By Will Tjernlund
VENDOR CENTRAL: All products sold and fulfilled by Amazon on Amazon are sourced by Vendor Central partners. In this business model you act as a wholesaler to Amazon. The Vendor Central business model breaks down like this.
By Yarden Altshull
Exotic goods from lands afar have captivated minds since the dawn of humanity. For thousands of years, camel trains and ships carried goods from distant lands. More recently, travellers would sail or fly abroad, filling suitcases to the brim with local fashion and memorabilia. Today, we still seek the “alluring” and the “different,” and competition has added “bargain” to the list. But there’s no need to board a plane. We can simply launch a web browser from the comfort of our own homes to experience the back-to-back sales and endless choices that eCommerce has to offer.
By Chao Wang
Imagine one day you’re walking down a busy street full of vendors in China. Suddenly, you notice something: your company’s flagship product, luxury handbags, is being sold by a random merchant you’ve never met. Upon closer inspection, you notice there are several problems with the bag. These are the same bags you rejected in an earlier order from your supplier. Yet here they are for sale, still with your branding.
“It’s only a matter of time before Chinese suppliers take over on Amazon. Who needs a middleman”
Promotional product importers are different than your average importer. They frequently work on a wide range of products and aggressive time frames.
By Dan Harris
I have always found it fascinating how macroeconomic issues can have such widely varying microeconomic impacts. When an economy declines, let’s say 10%, the impact on individual businesses can be all over the map.
By Manuel Becvar
I recently asked in ImportDojo’s Facebook group what topics you would like me to cover on my next blog post and I listened.
by Zhu Jing
Talk of sourcing suppliers or products in China usually brings to mind first and foremost Guangzhou and Shenzhen. And for importers who do not have a lot of experience trading in China, it is likely they have never even heard of the town of Yiwu, home to what has been dubbed the “world’s largest wholesale center” and our company.
Peter Zapf, Global Sources CIO, joined Seller Dojo recently for a podcast. In it, he talked about what importers need to keep in mind when selecting China suppliers, the misconceptions buyers have about suppliers and how buyer/supplier communication is vital in ensuring product quality.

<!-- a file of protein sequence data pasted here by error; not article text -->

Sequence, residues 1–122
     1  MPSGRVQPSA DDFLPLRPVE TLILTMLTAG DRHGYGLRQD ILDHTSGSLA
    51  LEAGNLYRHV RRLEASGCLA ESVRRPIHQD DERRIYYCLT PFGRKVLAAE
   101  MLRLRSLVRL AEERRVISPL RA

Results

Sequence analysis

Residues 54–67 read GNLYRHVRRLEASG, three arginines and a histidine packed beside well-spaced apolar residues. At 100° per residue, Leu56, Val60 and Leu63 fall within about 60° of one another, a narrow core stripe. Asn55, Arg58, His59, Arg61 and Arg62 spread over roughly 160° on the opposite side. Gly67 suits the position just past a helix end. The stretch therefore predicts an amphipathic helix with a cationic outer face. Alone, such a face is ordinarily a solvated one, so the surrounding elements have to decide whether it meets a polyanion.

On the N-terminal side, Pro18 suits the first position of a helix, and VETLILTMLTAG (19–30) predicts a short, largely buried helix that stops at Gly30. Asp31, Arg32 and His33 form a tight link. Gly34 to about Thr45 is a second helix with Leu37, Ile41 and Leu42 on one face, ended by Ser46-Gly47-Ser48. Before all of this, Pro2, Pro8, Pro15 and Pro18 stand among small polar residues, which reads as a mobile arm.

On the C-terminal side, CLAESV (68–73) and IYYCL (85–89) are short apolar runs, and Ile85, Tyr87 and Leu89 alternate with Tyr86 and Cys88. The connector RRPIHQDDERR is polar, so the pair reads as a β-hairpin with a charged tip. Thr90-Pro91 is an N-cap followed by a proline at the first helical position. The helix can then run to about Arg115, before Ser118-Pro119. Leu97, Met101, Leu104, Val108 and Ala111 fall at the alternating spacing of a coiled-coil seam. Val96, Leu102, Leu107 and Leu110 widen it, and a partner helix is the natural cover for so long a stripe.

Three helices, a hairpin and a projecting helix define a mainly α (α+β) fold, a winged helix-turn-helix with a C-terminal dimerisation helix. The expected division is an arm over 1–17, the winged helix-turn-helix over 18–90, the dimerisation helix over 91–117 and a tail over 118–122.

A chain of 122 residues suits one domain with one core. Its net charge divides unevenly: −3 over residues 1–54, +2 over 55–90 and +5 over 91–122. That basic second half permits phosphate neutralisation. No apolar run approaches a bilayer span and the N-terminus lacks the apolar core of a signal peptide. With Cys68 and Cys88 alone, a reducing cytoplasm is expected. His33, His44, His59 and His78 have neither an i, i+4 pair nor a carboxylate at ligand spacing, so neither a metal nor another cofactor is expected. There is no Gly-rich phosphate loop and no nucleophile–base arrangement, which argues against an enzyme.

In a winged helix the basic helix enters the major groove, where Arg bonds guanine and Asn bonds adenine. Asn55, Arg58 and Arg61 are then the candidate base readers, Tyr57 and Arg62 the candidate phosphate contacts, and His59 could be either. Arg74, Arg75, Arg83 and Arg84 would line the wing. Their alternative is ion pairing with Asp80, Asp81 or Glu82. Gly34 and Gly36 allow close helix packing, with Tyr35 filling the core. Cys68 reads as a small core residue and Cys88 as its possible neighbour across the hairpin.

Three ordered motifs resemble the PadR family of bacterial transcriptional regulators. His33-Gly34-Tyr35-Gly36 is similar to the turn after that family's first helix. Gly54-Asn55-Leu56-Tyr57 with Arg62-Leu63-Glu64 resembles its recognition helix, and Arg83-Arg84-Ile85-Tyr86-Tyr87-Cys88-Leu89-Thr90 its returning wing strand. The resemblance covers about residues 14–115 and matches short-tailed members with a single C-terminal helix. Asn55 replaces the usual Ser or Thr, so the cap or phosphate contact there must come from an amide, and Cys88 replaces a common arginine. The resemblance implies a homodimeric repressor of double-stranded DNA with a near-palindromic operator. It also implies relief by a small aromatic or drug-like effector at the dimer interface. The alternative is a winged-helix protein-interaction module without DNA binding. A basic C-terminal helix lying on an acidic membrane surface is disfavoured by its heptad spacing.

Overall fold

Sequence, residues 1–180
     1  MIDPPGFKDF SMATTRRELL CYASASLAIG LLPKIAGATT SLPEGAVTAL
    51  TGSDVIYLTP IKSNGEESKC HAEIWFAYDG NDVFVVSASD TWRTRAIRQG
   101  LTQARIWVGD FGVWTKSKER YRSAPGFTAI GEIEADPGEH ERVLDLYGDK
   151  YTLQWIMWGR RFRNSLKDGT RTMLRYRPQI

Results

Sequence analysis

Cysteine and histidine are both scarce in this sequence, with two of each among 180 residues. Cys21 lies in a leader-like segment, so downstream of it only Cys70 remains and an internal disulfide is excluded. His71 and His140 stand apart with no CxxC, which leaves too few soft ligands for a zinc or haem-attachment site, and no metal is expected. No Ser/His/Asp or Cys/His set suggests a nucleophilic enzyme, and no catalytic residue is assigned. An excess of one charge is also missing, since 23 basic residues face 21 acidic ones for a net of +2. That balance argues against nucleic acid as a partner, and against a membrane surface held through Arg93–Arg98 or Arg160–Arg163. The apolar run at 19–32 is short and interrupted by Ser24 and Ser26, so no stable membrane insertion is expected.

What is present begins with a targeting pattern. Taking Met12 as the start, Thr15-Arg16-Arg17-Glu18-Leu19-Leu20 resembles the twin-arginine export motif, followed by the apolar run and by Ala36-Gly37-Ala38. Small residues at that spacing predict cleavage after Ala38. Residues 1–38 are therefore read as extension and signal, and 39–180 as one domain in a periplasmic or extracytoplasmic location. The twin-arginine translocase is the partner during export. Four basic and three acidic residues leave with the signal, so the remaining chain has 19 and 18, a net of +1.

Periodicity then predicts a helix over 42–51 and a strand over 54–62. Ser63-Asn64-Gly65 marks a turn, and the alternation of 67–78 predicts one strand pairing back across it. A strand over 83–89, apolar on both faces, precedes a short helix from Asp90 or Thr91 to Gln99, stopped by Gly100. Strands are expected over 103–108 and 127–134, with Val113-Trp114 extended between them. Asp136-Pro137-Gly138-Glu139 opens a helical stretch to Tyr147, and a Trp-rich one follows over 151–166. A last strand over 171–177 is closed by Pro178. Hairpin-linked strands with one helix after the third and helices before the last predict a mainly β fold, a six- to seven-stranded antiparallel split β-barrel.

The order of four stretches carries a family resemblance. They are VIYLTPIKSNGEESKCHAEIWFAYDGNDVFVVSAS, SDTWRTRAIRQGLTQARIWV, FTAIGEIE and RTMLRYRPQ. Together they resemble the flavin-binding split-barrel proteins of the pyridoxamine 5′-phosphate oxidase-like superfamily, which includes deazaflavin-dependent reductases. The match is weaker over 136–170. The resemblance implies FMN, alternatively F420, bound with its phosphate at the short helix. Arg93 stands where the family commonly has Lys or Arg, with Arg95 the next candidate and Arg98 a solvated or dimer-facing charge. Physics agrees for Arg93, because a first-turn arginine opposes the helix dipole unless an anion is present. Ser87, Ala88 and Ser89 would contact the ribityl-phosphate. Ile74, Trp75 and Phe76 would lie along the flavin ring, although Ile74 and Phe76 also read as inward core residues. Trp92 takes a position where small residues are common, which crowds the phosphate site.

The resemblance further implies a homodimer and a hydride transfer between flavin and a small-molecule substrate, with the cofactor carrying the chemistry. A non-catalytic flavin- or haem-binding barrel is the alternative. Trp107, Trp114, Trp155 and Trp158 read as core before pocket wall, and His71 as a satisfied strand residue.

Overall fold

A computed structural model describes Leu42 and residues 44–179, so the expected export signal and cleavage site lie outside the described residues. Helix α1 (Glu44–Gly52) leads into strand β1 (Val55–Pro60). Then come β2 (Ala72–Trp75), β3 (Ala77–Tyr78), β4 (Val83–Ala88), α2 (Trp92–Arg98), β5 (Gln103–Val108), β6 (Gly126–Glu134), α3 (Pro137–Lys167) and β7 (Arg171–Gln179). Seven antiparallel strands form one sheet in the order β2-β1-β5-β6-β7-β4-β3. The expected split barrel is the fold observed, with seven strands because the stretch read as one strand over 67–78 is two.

Manuel Becvar of ImportDojo describes Global Sources as the most professional supplier directory. His webcast shows tips on how he uses Global Sources. Check it out here:
by Dan Harris
As a member of AmCham China, I get a copy every month of AmCham’s magazine, Business Now. This month’s issue [hard copy version] has an article by John Zane, entitled, Playing by the Rules: As compliance comes to the fore, small businesses must take action. The thrust of the article (and the thrust of many a blog post we’ve done over the past year) is that China is cracking down on all businesses, foreign and domestic, large and small, and because of that, foreign SMEs need to initiate a compliance program to ensure that they are understanding and complying with China’s legal system.
by Dan Harris
Every so often, someone with a WFOE about to be shut down by the Chinese government (broadly defined) contacts us. These contacts seem to accelerate during economic slowdowns and that has been the case of late. The following is a totally scripted composite of some of the emails we have received relating to a WFOE shut down:
by Asia Quality Focus team
The WEEE regulation is represented by the black and white crossed bin which means that the product should subject to a separate collection at the end of life. It refers to the standard EN 50419 which is applied to all electric equipment since august 2005. Most of us recognize this image and find it on all product exported from China however do we really know what is the WEEE regulation for and what are the requirements of the WEE regulation for importers and manufacturers in China?
by Mike Bellamy
While there is a law/policy/regulation/suggested standard promulgated by Beijing for almost every aspect of doing business, for the typical Western owned company operating in China, the problem is two-fold:
by Dan Harris
During the past year, the number of calls from American (sometimes European) SMEs pushed out of China for having operated there without a legal entity (such as a WFOE) have doubled? What is causing this increase of foreign companies getting shut down in China? It’s the economy, stupid.